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ORLANDO-CNL Center II, Downtown’s first major office building in six years, has opened next to CNL Center I and the City Hall structure on South Street.

The 12-story, 291,000-sf class A property was completed on schedule by Atlanta-based Hardin Construction Co. and sits adjacent to CNL Center I, a14-story, 350,000-sf building next to the domed 300,000-sf City Hall structure on South Street. The six-year-old building is 100% leased. The estimated hard construction cost of CNL II is $55 million and that of CNL I is $53 million, as GlobeSt.com reported June 24, 2004 when CNL II broke ground.

James M. Seneff Jr, founder, chairman and CEO of CNL Financial Group, tells GlobeSt.com CNL Center II is in “a great location, in the heart of the central business district. The opening of this second tower provides new, class A office space to the Downtown area, which is quickly becoming a vibrant marketplace for our community.” Seneff projects CNL Center II will be “almost fully leased in the first quarter of next year.”

CNL Center II is currently near the 80% leased level as it formally welcomes three big-name corporate tenants in PricewaterhouseCoopers, Charles Schwab Co. and the 400-lawyer Akerman Senterfitt law firm, which plans to relocate from the 18-story, 258,321-sf Citrus Center during the first quarter of 2006. Average asking rent in CNL Center II will be about $30 per sf, Downtown office brokers familiar with the properties tell GlobeSt.com.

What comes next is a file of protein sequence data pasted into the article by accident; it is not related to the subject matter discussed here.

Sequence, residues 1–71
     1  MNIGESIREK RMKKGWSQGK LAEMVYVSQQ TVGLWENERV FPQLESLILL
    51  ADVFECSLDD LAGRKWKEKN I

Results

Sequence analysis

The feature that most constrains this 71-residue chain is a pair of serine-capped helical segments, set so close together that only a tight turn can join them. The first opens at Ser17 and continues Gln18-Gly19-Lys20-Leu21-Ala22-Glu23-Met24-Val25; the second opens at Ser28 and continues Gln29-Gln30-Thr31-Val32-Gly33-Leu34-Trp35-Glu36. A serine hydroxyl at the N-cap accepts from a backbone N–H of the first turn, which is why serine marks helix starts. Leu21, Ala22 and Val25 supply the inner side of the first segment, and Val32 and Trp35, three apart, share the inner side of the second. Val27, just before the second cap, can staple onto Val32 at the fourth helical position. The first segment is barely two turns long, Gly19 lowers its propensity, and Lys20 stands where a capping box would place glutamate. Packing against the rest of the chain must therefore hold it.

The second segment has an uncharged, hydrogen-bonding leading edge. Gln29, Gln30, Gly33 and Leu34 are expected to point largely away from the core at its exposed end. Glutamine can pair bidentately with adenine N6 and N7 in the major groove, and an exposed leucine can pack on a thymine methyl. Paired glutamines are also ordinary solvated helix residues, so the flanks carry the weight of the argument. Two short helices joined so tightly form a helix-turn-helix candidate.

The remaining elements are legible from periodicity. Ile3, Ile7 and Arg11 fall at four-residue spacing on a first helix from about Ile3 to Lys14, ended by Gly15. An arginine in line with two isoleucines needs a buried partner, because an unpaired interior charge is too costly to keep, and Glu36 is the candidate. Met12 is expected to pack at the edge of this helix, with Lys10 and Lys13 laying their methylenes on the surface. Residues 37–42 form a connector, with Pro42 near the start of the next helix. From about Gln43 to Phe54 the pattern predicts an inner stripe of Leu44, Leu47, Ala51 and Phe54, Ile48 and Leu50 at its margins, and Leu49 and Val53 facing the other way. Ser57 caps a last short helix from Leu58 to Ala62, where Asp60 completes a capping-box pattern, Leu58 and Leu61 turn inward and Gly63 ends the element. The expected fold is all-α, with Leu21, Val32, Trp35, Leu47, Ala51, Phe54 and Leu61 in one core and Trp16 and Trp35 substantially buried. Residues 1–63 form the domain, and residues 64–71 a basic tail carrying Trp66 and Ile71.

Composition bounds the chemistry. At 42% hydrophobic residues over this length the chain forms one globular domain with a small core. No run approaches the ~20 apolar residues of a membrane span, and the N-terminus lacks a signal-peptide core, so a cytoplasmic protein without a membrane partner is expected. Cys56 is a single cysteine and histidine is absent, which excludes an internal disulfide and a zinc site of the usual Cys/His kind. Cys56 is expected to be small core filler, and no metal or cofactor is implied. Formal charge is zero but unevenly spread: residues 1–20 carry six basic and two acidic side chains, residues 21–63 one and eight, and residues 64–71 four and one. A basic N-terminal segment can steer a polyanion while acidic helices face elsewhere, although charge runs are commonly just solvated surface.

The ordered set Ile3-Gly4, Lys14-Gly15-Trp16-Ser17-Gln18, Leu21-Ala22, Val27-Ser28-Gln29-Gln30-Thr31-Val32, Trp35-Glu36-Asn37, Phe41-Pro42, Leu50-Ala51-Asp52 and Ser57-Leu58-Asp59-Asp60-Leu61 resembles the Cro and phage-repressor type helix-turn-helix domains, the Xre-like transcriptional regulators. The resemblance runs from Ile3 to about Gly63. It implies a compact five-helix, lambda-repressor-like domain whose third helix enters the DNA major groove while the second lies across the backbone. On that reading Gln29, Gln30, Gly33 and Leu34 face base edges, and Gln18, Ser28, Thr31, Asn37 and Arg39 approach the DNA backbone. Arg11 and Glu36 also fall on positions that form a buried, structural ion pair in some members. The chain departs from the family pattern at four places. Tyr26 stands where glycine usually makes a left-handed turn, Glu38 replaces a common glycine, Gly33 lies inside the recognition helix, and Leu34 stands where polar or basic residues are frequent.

PricewaterhouseCoopers and Schwab already occupy space in CNL II. Citrus Center, owned by Jackson, MI-based Parkway Properties Inc., is 98% leased and was Downtown’s first major office building in 1971, according to GlobeSt.com research. About 300 employees at CNL Hospitality Corp and CNL Retirement Corp. are expected to relocate to CNL II in first quarter 2006, according to company officials.

Groundbreaking for a third planned tower, CNL III, depends on the city’s progress in finding financing for a performing arts center near the three office buildings, as GlobeSt.com previously reported. The third tower would replace an existing 10-story, 90,000-sf circular structure that once housed the Coral Gables Federal Savings & Loan business on the east side of Orange Avenue, directly across from City Hall. CNL owns the building; the city owns the land.

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